Is ‘Jhulelal’ a Hindu deity? This would be quite confusing to a Hindu because if you ask one to name 20, 30, 40 or 50 or any number of deities he can remember, I am sure Jhulelal would not be one of them. Our deities/gods have changed from the Vedic period to the Epics and Puranas. Jhulelal has to be much later than the last of these ancient texts. Let us say by the 4th century, most well-known and popular Hindu deities had acquired name, form, mythology and iconography.
More correct statement would be Sindhis (it is perhaps more correct to say, ‘especially the Hindu Sindhis’) revere Jhulelal as a God. Sorry for this digression, as that was not the principal theme of your post. And I must also admit I am not an authority on this.
You’re welcome, and thanks for your interesting comment with the interesting distinctions that you’re making.
I have glanced at a few sites discussing the history and significance of Jhulelal. It is all quite complicated. :) Wikipeida refers to Jhulelal as a “Hindu deity” and then declares that Jhulelal is a “the most revered deity of Sindhi Hindus.” You wrote in your comment that Sindhi Hindus “revere Jhuelal as a God” (although if you don’t mind if I nit-pick a little, I think that “god” should be lower-case in this case :) since “God” capitalized usually refers to one single supreme being above all others, not one god among many in a pantheon). But a “god” by most definitions is the same as a deity, so I think maybe it can be said that he is, indeed, a Hindu deity, but just among Sindhis?
Then there is a site called “Hindu Facts” which says, “For unknown reasons, he is not commonly worshiped by Hindus other than the Sindhi community. Also, he is not mentioned in any Hindu religious texts. The information available is based on folklore.” I think that that pretty much echoes much of what you said – without denying that he could be called a Hindu deity (of sorts).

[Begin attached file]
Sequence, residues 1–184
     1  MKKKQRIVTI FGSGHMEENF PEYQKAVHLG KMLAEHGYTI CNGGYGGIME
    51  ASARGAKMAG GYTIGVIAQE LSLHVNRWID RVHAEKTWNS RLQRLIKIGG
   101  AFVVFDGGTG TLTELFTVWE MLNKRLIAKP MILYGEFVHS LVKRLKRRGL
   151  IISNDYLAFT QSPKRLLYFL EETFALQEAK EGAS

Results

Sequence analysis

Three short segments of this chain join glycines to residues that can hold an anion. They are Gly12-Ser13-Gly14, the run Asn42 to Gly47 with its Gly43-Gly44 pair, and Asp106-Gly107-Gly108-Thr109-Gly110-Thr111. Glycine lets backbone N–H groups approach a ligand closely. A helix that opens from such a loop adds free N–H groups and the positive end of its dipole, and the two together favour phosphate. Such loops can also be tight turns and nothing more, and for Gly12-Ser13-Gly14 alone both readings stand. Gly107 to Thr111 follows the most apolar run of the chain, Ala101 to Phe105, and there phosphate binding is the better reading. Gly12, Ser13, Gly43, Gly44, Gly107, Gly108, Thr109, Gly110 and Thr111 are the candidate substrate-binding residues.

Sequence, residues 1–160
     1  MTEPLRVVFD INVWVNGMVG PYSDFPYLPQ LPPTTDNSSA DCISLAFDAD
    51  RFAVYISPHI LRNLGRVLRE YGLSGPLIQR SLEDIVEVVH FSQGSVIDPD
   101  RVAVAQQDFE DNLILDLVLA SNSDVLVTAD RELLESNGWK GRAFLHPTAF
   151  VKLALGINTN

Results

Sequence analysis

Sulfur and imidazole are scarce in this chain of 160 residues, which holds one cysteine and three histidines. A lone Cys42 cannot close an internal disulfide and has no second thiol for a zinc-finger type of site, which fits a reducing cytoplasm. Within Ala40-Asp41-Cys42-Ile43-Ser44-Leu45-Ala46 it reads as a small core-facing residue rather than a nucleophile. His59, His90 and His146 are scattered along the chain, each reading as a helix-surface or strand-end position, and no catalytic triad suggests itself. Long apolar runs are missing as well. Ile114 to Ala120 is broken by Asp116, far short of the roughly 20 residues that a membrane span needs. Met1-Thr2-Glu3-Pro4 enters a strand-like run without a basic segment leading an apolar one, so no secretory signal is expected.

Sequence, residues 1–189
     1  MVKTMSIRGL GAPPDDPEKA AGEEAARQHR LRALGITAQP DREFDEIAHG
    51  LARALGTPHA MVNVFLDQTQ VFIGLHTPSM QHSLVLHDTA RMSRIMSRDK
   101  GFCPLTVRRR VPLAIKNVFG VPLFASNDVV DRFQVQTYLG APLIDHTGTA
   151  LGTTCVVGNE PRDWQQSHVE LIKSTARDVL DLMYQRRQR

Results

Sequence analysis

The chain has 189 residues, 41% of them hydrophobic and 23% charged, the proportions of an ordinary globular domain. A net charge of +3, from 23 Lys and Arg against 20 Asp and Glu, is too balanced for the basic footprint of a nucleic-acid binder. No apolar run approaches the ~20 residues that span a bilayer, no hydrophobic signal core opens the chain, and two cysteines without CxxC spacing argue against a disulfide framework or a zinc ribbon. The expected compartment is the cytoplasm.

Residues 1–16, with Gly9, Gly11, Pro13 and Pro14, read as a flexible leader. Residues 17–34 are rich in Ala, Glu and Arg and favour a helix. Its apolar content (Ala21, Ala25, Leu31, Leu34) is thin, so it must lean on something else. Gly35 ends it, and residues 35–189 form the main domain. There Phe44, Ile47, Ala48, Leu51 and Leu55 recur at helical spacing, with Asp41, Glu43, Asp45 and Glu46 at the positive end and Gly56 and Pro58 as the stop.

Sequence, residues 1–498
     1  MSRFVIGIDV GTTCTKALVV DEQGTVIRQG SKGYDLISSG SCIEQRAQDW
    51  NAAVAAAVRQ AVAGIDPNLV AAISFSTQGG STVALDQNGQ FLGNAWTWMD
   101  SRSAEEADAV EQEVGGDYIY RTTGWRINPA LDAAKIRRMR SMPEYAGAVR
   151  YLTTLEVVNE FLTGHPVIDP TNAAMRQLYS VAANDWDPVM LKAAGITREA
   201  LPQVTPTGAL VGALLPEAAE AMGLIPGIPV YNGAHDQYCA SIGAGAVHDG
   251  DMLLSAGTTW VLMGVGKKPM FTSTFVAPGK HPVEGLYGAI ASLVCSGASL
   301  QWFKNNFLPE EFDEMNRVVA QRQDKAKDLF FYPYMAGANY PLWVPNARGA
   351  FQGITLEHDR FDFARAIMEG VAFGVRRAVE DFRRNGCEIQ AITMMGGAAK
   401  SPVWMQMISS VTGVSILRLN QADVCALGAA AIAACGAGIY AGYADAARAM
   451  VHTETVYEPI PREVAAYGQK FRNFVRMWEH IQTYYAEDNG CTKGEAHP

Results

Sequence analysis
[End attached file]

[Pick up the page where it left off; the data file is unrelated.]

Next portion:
This site does say, though, that he is regarded as an incarnation of Varuna, who would qualify as a Hindu deity in the broader sense.
That site, by the way, is here: https://www.hinduismfacts.org/hindu-gods-and-goddesses/jhulelal/
There is stuff that it says later that I haven’t tried to understand yet… The writing becomes more confusing, at least to me. And I think the capitalization of “God” on this site is just plain random. :)
Meanwhile, different sources and different people seem to have different opinions about whether Jhuelal really was Lal Shahbaz Qalandar. I am, indeed, convinced that they were the same person. But I glimpsed a thread somewhere in which someone said, no, they are not historically the same person but Lal Shahbaz Qalandar is considered an incarnation of Jhuelal. Wikipdia just separates the Sindhi Hindu Jhulelal from the Sufi/Muslim Jhelelal and says that Jhulelal is simply an alternate name for Lal Shahbaz Qalandar, and I don’t see a connection made between the Jhulelal of the two different religions. But I think they are ultimately just avoiding that question. :)
Anyway, I am typing this very late at night in my time zone (which is different from the time zone that appears in the comments), so I better stop there for now!
On God or god you are right. But there was a tradition to capitalise God without necessarily meaning one supreme God. However, I would go along with you.